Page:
I'm trying to learn libsodium to better my crypto knowledge. One nagging question I have is what is the difference between libsodium's sealed box and their normal box? Not in terms of technicalities as the docs do distinguish this well; but in terms of practical use cases.
Per the docs:
Sealed boxes are designed to anonymously send messages to a recipient given its public key.
Only the recipient can decrypt these messages, using its private key. While the recipient can verify the integrity of the message, it cannot verify the identity of the sender.
A message is encrypted using an ephemeral key pair, whose secret part is destroyed right after the encryption process.
Without knowing the secret key used for a given message, the sender cannot decrypt its own message later. And without additional data, a message cannot be correlated with the identity of its sender.
Sadly this doesn't address the use case when this is needed. For example Say Alice generates a keypair and gives Charlie the untrusted 3rd party the public key for storage. Bob asks Charlie for the public key and sends Alice a message using said public key. From my limited understanding of this this should be secure and prevent Charlie from knowing the message. Is this not your basic end-to-end-trust-no-one system in the same vein as PGP?
If this system were to be implemented with an ephemeral key exchange as suggested by the sealed box concept would that not just add more overhead to an already secure system?
Perhaps I'm misunderstanding and perhaps my intended use case is different which is why I'll explain my mental model to better give context. (Also note I think the signal protocol uses ephemeral pre-keys and I also don't understand why in that context).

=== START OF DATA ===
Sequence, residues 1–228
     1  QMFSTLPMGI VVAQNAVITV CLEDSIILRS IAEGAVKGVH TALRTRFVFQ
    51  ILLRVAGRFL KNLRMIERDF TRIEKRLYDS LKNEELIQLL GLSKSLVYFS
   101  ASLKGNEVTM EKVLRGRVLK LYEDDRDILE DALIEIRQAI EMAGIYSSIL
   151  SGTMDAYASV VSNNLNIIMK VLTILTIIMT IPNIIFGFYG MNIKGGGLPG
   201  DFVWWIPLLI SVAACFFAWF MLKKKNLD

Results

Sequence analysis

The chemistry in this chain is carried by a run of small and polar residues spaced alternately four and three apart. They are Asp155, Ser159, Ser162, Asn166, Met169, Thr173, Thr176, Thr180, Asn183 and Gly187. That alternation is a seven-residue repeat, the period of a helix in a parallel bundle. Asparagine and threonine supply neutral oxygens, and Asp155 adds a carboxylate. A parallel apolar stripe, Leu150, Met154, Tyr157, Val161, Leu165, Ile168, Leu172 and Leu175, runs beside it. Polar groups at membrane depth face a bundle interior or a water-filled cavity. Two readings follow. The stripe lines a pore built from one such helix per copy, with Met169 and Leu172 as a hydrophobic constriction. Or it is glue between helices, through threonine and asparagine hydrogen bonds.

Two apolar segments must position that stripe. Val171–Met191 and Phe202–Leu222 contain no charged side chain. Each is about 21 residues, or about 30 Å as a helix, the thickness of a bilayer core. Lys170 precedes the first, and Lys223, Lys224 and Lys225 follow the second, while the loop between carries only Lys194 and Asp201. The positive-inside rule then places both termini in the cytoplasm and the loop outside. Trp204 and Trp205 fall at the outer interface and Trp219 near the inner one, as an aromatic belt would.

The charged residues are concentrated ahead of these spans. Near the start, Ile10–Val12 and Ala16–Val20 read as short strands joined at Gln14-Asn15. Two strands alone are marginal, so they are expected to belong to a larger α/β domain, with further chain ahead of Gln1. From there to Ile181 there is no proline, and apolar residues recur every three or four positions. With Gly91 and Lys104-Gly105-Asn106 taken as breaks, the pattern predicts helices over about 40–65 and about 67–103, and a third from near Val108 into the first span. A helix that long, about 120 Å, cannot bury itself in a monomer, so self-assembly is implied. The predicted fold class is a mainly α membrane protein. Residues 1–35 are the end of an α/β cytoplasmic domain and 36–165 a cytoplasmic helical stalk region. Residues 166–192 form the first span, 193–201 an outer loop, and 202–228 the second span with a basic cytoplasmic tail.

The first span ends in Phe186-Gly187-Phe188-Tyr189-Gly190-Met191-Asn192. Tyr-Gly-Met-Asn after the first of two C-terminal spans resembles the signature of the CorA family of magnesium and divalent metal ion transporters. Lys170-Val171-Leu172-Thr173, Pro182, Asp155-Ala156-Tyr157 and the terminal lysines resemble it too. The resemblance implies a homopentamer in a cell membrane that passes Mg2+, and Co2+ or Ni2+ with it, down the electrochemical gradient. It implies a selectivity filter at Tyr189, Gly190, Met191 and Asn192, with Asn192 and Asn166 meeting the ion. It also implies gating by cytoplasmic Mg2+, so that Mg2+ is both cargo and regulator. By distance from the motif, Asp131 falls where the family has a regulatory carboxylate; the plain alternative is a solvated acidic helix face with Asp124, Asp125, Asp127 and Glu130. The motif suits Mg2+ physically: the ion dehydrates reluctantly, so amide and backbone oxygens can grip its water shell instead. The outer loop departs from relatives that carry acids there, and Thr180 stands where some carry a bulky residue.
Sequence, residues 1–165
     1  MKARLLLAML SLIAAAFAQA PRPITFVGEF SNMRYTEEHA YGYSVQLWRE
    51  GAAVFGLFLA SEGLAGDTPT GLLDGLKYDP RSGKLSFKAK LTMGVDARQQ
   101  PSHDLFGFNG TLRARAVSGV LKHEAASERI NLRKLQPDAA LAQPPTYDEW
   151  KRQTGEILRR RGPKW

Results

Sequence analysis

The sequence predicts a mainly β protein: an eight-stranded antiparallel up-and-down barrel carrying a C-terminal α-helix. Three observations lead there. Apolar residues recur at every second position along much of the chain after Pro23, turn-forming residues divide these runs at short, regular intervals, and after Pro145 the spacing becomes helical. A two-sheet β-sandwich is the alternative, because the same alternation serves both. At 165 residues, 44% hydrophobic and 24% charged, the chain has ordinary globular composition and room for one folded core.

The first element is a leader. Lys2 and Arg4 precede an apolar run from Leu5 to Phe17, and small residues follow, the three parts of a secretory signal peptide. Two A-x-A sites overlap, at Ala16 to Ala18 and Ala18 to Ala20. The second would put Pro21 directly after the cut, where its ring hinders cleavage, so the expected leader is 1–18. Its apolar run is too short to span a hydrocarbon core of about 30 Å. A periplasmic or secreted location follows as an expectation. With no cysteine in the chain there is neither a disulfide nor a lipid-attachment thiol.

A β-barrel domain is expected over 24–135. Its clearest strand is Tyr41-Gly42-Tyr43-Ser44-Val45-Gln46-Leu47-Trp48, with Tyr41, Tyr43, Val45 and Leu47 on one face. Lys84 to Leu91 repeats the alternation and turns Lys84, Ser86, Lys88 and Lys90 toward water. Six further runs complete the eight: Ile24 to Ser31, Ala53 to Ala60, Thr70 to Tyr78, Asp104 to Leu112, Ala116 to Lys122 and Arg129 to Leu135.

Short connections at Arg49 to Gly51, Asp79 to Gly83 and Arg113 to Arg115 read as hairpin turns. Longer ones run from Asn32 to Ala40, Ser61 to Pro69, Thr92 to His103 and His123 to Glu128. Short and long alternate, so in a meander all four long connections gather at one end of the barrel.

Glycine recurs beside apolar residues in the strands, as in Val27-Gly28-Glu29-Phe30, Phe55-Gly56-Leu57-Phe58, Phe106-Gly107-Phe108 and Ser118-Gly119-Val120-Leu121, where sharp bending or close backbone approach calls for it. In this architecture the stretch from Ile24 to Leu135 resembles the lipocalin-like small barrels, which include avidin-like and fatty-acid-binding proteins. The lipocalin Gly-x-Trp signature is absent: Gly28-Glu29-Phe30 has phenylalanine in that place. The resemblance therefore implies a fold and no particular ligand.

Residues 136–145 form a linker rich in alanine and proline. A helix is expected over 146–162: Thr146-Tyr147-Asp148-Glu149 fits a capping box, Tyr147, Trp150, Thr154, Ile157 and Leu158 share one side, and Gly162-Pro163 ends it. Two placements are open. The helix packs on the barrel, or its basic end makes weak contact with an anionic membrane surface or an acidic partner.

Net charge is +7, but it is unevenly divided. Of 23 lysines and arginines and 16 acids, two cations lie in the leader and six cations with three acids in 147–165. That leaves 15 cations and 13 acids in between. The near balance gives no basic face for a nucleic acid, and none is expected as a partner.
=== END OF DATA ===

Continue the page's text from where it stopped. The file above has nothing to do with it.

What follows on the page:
Alice runs an app on her phone which generates a unique keypair (unique in that it regenerates a new one every time the app opens) and then registers a unique address along with her public key with Charlie the back end server. The app then presents Alice with a URL that contains her unique address and a nonce. She shares this link with Bob who also opens the app providing it with the address and nonce. Bob's app generates a unique keypair then asks Charlie for Alice's public key (based on the address). Bob's app then encrypts Bob's public key along with the nonce and sends it to Alice (via Charlie). Alice's app verifies the nonce and then uses the provided Bob's public key and is now able to send him messages back.
AFAICT the above is a very basic key exchange through a third party in the same way we handle PGP key sharing on a key-server with the distinct difference in that once the session is over (app closed) the keys are no longer valid (secret keys erased) and a new session would be completely new identities and keypairs.
Is this even remotely related to the use of sealed boxes or have I only proved that I am sleep deprived and know nothing about crypto?